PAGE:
TORONTO - Joining millions of people in marking Earth Day, Muslims across the world will dedicate their weekly sermons on Friday, April 19, to raise awareness about environment protection and challenges facing humanity.
We are encouraging mosques, schools, universities and Islamic Institutions to devote their Friday Khutbah to celebrate the blessings, graces and beauty of all of God's creation and to raise awareness on the environmental challenges facing humanity, Muaz Nasir, the publisher of the Canadian environmental website Khaleafa.com and one of the organizers of the campaign, told OnIslam.net.
Earth Day is an annual day on which events are held worldwide to demonstrate support for environmental protection.
Earth Day is observed on April 22 each year.
Ahead of the occasion, Muslims worldwide would dedicate the Friday sermons to raise awareness about environment protection.
This year's Green Khutbah Campaign' challenge is to request all Muslims to commit to the 3 C action plan - to consume less, conserve more and care for the environment, Nasir said.
Launched last year, the Green Khutbah Campaign' saw imams across North America and Europe deliver a message that reminded their congregations of the Qur'anic message to be stewards of the earth and its environment.
Organizers hope that the campaign would be extended to other Muslim communities across the world.
The campaign has been picked up in other parts of the world with Muslims in Thailand and South Africa pledging to deliver a green' Khutbah.
Muslims in Canada has championed several campaigns to protect environment.
In September, Muslims in Toronto joined hands with their non-Muslim neighbors in Great Canadian Shoreline Cleanup program to reduce the harmful effect of litter on fragile aquatic ecosystems.
Muslims make around 2.8 percent of Canada's 32.8 million population, and Islam is the number one non-Christian faith in the Roman Catholic country.
A recent report from the Washington-based Pew Forum on Religion & Public Life said that Muslims are expected to make up 6.6% of Canada's total population in 2030.
A recent survey showed that the overwhelming majority of Muslims are proud to be Canadian, and that they are more educated than the general population.
Environmental concern among the global public is on the wane, according to a GlobeScan which tracked public concern on six environmental issues in its annual Radar global poll.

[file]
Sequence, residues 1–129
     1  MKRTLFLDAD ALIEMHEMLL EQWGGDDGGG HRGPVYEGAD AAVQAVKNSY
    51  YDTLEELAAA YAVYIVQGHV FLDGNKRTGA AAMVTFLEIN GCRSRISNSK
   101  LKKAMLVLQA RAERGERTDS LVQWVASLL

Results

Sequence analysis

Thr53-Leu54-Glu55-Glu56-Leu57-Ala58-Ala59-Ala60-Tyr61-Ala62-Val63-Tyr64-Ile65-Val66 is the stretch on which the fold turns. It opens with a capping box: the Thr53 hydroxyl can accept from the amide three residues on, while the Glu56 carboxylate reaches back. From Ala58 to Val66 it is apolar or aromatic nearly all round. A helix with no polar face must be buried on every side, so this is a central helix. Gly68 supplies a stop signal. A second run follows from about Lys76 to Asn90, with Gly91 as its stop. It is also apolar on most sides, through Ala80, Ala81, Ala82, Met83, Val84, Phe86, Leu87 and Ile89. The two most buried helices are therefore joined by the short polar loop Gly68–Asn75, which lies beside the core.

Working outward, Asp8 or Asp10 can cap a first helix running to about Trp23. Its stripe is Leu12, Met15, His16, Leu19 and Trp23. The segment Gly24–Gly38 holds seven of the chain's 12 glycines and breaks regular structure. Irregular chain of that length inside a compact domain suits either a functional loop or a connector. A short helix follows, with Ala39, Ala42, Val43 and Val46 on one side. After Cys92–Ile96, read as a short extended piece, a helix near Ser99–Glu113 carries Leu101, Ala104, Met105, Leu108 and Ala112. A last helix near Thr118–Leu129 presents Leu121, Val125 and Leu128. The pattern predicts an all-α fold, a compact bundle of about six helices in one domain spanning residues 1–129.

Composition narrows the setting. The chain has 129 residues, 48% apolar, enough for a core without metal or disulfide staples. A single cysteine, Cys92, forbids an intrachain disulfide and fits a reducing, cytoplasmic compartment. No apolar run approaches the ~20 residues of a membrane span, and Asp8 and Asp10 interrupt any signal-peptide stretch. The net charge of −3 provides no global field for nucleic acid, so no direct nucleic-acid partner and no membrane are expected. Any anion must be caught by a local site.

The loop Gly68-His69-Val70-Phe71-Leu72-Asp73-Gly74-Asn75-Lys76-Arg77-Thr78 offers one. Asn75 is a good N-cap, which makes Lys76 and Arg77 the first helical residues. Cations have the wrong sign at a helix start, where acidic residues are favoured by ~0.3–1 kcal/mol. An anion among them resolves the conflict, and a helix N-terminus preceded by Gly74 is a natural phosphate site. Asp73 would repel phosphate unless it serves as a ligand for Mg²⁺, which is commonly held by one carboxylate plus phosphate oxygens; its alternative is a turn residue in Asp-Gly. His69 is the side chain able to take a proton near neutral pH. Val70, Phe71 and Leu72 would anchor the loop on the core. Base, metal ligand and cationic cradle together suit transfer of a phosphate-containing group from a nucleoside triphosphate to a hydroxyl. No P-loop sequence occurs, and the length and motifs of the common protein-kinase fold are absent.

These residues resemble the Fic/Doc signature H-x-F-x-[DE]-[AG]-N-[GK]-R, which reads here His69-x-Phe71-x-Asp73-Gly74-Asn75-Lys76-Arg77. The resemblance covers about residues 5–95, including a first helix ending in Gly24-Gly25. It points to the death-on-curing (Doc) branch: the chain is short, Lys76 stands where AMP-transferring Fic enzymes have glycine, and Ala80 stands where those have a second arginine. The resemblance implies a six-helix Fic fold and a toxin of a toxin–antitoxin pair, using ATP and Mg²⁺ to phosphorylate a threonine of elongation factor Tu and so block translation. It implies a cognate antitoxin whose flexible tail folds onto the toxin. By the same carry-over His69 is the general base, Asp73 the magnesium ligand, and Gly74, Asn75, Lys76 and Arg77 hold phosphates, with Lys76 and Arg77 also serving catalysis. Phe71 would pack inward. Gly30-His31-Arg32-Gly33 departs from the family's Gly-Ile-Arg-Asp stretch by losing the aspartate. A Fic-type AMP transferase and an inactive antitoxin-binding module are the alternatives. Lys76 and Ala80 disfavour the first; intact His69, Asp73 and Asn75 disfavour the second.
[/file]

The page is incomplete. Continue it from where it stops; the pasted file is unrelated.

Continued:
The poll found that across eighteen countries, public concern about water pollution, fresh water shortages, natural resource depletion, air pollution, climate change and biodiversity loss is way down from its peak in 2009.
The period since 2009 has witnessed the most sustained period of economic strife in most of the world's major economies for the better part of a century, wrote GlobScan's Director Sam Mountford in an article on GreenBiz.comAnd bluntly, for many citizens, these appear to pose a much clearer and more present threat to their well-being than environmental jeopardy, which for most people remains hidden from view.
But Nasir says that Muslims cannot tune out from the environmental damage.
Tuning out would mean that we are disregarding our moral responsibility to God's creation, he told OnIslam.net.
Those who violate or abuse the Trust are described in the Qur'an as those who corrupt, degrade and bring ruin on earth, Nasir said.
The corrupters abuse the Trust and are in clear contrast to what Muslims must be - the stewards of the earth.
An extensive online resource has been created by Khaleafa.com to support the campaign and Muslim organizations and well-known leaders are throwing their support behind the initiative.
The first Earth Day, held on April 22, 1970, activated 20 million Americans from all walks of life and is widely credited with launching the modern environmental movement.More than 1 billion people across the world now participate in Earth Day activities each year, making it the largest civic observance in the world.